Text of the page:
April 29, 2013

Growing new arteries, bypassing blocked ones

Scientific collaborators from Yale School of Medicine and University College London (UCL) have uncovered the molecular pathway by which new arteries may form after heart attacks, strokes and other acute illnesses — bypassing arteries that are blocked. Their study appears in the April 29 issue of Developmental Cell.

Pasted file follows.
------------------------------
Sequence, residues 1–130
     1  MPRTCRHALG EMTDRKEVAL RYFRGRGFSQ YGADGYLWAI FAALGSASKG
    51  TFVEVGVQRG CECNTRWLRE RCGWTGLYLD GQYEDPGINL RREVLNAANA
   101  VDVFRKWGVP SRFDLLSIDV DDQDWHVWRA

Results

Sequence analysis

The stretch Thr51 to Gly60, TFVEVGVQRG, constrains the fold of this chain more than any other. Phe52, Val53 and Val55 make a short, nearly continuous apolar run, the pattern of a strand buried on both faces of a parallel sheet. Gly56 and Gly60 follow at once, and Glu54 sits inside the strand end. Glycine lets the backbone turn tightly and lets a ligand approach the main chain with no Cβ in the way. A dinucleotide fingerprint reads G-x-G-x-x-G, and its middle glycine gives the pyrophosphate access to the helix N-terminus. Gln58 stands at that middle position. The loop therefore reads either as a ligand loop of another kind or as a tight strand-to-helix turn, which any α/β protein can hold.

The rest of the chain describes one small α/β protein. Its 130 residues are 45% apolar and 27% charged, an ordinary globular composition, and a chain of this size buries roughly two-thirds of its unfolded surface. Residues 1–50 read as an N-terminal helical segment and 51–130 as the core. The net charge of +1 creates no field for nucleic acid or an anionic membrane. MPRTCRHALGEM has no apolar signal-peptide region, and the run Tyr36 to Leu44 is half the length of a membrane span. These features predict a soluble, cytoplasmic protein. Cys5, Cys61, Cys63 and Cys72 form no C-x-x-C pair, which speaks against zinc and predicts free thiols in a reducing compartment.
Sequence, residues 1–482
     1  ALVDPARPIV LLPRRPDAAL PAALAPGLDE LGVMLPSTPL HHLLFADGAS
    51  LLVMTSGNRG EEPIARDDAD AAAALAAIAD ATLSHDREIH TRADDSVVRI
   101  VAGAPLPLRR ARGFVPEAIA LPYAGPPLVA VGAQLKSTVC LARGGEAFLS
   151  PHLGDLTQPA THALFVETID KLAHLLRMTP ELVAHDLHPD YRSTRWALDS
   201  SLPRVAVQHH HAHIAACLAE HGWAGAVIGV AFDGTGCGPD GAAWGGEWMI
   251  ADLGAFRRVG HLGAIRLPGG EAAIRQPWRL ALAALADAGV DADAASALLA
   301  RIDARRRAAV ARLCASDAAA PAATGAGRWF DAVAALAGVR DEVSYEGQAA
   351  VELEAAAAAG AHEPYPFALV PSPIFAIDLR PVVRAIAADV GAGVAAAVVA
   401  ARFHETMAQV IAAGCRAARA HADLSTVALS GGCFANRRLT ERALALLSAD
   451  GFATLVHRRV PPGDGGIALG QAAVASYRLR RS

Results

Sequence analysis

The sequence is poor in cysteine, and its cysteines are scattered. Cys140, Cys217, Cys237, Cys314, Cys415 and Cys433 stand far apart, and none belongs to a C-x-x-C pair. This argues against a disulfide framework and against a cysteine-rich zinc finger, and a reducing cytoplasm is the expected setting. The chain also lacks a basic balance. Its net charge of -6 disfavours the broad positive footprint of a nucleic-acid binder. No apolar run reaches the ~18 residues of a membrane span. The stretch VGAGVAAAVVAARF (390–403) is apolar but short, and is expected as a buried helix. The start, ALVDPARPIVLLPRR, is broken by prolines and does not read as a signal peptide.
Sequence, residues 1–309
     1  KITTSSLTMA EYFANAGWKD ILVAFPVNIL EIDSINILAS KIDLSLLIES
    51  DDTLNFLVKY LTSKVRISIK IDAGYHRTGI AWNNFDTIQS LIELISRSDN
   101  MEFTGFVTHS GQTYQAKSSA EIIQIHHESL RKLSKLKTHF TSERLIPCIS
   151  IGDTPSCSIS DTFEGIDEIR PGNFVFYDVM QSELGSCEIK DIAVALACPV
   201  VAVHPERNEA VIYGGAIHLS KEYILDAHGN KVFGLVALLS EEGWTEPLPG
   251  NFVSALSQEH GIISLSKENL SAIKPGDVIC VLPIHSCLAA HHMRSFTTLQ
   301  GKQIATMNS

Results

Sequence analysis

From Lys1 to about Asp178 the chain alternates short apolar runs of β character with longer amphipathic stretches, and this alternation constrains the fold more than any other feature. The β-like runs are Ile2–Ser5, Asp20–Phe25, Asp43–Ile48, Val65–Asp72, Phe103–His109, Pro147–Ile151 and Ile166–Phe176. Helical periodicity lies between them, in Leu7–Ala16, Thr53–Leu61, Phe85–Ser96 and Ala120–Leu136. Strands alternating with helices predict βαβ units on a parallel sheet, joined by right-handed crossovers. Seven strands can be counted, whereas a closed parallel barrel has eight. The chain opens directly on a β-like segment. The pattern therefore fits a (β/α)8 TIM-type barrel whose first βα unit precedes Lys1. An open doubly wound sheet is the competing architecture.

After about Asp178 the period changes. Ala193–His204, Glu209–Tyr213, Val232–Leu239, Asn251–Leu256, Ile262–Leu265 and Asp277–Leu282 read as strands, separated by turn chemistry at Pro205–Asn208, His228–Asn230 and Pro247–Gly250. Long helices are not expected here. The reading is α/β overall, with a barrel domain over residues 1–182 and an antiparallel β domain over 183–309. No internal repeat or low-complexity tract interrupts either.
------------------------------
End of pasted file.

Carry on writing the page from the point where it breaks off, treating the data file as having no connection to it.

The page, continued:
Arteries form in utero and during development, but can also form in adults when organs become deprived of oxygen — for example, after a heart attack. The organs release a molecular signal called VEGF. Working with mice, the Yale-UCL team discovered that in order for VEGF-driven artery formation to occur, VEGF must bind with two molecules known as VEGFR2 and NRP1, and all three must work as a team.